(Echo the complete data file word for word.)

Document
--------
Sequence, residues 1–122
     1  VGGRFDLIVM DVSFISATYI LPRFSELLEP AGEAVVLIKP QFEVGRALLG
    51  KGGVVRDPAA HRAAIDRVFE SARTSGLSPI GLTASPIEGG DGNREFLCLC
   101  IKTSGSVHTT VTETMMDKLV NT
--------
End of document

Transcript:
Sequence, residues 1–122
     1  VGGRFDLIVM DVSFISATYI LPRFSELLEP AGEAVVLIKP QFEVGRALLG
    51  KGGVVRDPAA HRAAIDRVFE SARTSGLSPI GLTASPIEGG DGNREFLCLC
   101  IKTSGSVHTT VTETMMDKLV NT